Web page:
Support and challenge
The chairman’s job is to select, support and challenge the chief executive – or chief executives if, like me, you are the chairman of a group of agencies.
Finding the right balance between support and challenge is critical. No good CEO wants a pussycat chairman who strokes but never pokes, or vice versa. So a chairman has to be a critical friend. And friendship builds from a generous and productive partnership.
The two roles can be fluid and interchangeable when it comes to marking clients. But, otherwise, a chairman must stand at exactly the right distance: far enough away to let the CEO lead but close enough to know when to intervene.
Someone once joked that a chairman must support the CEO until the day she fires the CEO, and there is truth in that. Sometimes a CEO doesn’t work out or doesn’t want to listen, and it’s the chairman’s job to heed the warning signs and fix it. You have to be more steely than chummy. And objective.
In a group role, the chairman may be the group CEO too. Most chairmen in ad agencies have been CEOs themselves, nearly always in the same company. While not ideal from a governance perspective, it means the chairman understands the relentless nature of the CEO job. But a chairman has a different role: away from the spotlight and totally comfortable out of it, happy to play second fiddle. You are no longer the kingpin; nor do you need to be. As the CEO, company success is your personal success and you are pretty big on ego. As the chairman, your personal ambition is channelled into the organisation. There is no place for ego.
The CEO runs the business and the chairman runs the board, making sure strategy, results and skillsets are strong. Whatever the make-up of the board (and boards can be huge), your job is to value the work and the people. You have to bring focus, brevity and clarity – in and out of board meetings – and steer people away from woolly abstraction. You are constantly building and upgrading the bench and the youth squad.
The job is about building relationships of influence, and that means anchoring big clients. You are an active practitioner on client business, you lead accounts, you still have an art bag, and you pitch and sell work. It’s a sleeves-up role. You are as obsessive about client satisfaction as everyone else.
You have good external business contacts and always know the right person to help or get you out of jail. But you are networked in a useful way, making creative and profitable connections for the agency. Not a lounge lizard.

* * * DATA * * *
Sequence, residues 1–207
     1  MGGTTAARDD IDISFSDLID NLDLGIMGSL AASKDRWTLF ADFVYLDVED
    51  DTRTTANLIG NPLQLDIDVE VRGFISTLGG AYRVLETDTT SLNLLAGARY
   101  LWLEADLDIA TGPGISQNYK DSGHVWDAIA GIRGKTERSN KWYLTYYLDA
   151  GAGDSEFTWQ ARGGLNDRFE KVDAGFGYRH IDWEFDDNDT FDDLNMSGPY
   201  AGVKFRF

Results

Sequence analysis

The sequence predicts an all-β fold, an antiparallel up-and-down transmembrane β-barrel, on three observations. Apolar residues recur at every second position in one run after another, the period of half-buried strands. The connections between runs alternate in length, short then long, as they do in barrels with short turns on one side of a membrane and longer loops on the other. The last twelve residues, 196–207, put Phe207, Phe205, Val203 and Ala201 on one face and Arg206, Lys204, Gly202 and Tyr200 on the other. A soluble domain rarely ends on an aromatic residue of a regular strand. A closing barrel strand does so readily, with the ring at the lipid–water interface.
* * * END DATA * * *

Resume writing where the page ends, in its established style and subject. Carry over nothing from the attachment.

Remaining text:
Value and values
Both are your responsibility. You have to drive value and business growth for external shareholders and walk the talk on cultural values with internal stakeholders. That value is felt across a spectrum of clients (past and potential), suppliers, regulators, opinion formers, colleagues and in the wider global network. The values are a competitive point of difference. They define the way you do things.
A chairman is usually the (most) grown up in the company. You are expected to have gleaned wisdom and experience from years on the clock. So you can’t ever look harassed or inappropriate. You have to give people a sense of confidence and momentum.
The dinosaur trap is always there, so you have to stay current, useful and engaged. You ask lots of questions. You drink lots of "cups of tea", doing lots of listening and cheerleading. You are a safety valve, anchor point and cultural conscience. You have to play referee when people or issues clash: you love the game and both sides, but you have to ensure fair play.
You are expected to get involved in big industry policy issues, give speeches at the drop of a hat, be calm and helpful in a crisis and sometimes make tough calls no-one else wants to make. Most problems are pretty unfixable by the time they are escalated all the way up. So you have to master the art of the Houdini escape and find fast solutions.
Sometimes you have to put an umbrella up and shield people from the nasty stuff raining down.
In a nutshell...
How will your job change in the next five years? There will be a premium on a skills base that stays human, innovative, collaborative and accountable. We have talked about collaboration and integration for a long time. The chairman has a critical role in identifying and sustaining partnerships.
What do you need to be a successful chairman? You need to cherish people, work and clients. And relish the growth they provide. You need objectivity and perspective. You need to take tough calls and bullets. You need to be the talent scout and talent beacon. You need stamina – there is tons to do. You need to be trusted.
What do you look for when hiring someone? It is as much about promoting as hiring. We are obsessive about succession planning, and it works. We are looking for people who make the work better, whom clients love, who are "we" not "me", who bounce back from adversity and who do the right thing. In a largely shouty business, I have a soft spot for the quiet ones who deliver as if effortlessly and who wear their ambition and ego lightly.
Cilla Snowball is the group chairman and chief executive of Abbott Mead Vickers BBDO